Posts Tagged ‘battle’

The Battle of Stamford Bridge

May 23, 2014

Ancestrally speaking, I’m a Norman. A supposed ancestor of mine came over from France to England in 1066. His name was William and he became King of England by conquest. I won’t vouch for the certainty of this, for my ‘knowledge’ comes from the work of a long ago genealogist researching someone else’s ancestry. Nineteenth century genealogists seemed to think it was their duty to link their person back to royalty. I’m not sure they bothered so much with actual facts.

Statistically, there’s a pretty good chance that a huge number of us descend from William the conqueror. Like all others, I have two parents, four grandparents, 8 great great grandparents etc. Go back 32 generations to William and I have 2 raised to the power of 32 ancestors. That’s 4294967296 or more than 4 billion of them. That’s roughly ten times as many ancestors as we think there were people in the world!

Anyway, in my heart I am more Saxon and I always wished Harold had won the Battle of Hastings. And so he might have done had he and his men not been battle and travel weary after the Battle of Stamford Bridge.

This battle, quite near York, was between our King Harold and Harald Hardrada, invading from Norway with the support of Tostig who was King Harold’s younger brother.

On a recent visit to Yorkshire we looked at the battle site, which, according to our map was here.

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Yes, like so many battle sites, it was just ordinary land on the edge of what is now the village of Stamford Bridge.

The village commemorates the battle in a number of ways. One of them is with this planter, shaped like a ship.

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This models the ship of Harald Hardrada.

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Having defeated the invading Norwegians, King Harold and his men had to hurriedly march down to Sussex to face William and the Norman invaders. Tired and weary, they made tactical errors and William was able to gain the crown.

 

The Battle of Sedgemoor

July 22, 2013

I’m not going to delve into the history or the rights and wrongs of this – said to be the last pitched battle fought on English soil. Suffice to say that The Duke of Monmouth fancied himself as king, rather than the incumbent James II. Monmouth and his 500 men were utterly routed at Westonzoyland in the Sedgemoor area of Somerset. His rebellion and attempt on the throne was over. But Catholic James was replaced by Protestant William soon after.  And of course the lessons of history teach us nothing. People of various religious beliefs still squabble, fight and go to war, all professing their rightness and that God is on their side.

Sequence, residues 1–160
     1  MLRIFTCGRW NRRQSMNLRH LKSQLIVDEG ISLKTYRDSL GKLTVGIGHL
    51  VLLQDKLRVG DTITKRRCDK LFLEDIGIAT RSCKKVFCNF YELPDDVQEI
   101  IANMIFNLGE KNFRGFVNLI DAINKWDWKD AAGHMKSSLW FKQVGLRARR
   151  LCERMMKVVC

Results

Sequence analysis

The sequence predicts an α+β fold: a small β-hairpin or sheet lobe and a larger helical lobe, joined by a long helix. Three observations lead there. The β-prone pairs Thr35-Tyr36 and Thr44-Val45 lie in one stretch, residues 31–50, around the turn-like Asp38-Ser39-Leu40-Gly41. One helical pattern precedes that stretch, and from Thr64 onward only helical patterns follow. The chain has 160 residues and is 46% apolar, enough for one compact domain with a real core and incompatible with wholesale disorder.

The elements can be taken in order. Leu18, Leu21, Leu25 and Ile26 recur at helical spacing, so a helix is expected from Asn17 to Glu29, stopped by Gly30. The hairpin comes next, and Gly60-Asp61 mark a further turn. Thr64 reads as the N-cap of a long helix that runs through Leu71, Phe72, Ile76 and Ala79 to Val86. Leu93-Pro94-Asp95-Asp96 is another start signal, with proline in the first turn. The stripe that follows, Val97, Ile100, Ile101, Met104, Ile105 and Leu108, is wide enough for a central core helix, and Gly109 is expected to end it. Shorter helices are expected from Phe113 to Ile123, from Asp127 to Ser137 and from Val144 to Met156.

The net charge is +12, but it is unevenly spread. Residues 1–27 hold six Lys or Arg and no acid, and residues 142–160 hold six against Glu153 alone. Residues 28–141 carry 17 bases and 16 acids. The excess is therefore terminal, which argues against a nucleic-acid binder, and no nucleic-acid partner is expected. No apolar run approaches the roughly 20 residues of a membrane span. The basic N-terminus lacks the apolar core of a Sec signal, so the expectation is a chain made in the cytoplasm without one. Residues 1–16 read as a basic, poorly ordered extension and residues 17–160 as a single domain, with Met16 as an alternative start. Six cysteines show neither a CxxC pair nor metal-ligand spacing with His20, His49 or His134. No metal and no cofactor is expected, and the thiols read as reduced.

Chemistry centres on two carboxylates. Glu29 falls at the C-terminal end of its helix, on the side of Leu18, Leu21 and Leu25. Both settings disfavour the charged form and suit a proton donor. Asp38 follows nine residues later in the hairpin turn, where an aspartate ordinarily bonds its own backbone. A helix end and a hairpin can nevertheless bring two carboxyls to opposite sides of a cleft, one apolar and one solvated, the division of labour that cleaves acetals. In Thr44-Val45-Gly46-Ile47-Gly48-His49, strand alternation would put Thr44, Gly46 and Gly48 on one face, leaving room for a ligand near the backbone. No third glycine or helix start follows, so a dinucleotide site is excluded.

But back to that battle which took place in 1685. There is a memorial which I photographed with my first digital camera back in 1999.

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Sedgemoor is part of the Somerset levels and you can see in the photo that it is level! It is all barely above sea level and there is a tendency for the levels to flood. It was in this peaceful scene that the two armies – Monmouth’s and the King’s met.

The memorial is said to mark the site of the battle.

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The plaque makes it clear that all sides believed they were right and that many died or suffered.

The whole area is made fit for agriculture by a series of dug drains.

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They, of course, are a haven for wildlife.